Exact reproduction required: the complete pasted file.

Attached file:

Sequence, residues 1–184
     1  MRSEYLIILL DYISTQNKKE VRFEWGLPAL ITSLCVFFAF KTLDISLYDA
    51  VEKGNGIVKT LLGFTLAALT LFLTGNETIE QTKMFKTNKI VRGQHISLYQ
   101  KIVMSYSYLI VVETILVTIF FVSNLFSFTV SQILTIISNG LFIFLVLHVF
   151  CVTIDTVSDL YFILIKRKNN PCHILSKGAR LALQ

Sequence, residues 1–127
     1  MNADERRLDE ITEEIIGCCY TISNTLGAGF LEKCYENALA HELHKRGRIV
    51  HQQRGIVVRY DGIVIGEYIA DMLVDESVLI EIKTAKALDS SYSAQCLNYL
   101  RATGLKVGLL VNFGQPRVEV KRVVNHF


Sequence, residues 1–184
     1  MRSEYLIILL DYISTQNKKE VRFEWGLPAL ITSLCVFFAF KTLDISLYDA
    51  VEKGNGIVKT LLGFTLAALT LFLTGNETIE QTKMFKTNKI VRGQHISLYQ
   101  KIVMSYSYLI VVETILVTIF FVSNLFSFTV SQILTIISNG LFIFLVLHVF
   151  CVTIDTVSDL YFILIKRKNN PCHILSKGAR LALQ

Sequence, residues 1–127
     1  MNADERRLDE ITEEIIGCCY TISNTLGAGF LEKCYENALA HELHKRGRIV
    51  HQQRGIVVRY DGIVIGEYIA DMLVDESVLI EIKTAKALDS SYSAQCLNYL
   101  RATGLKVGLL VNFGQPRVEV KRVVNHF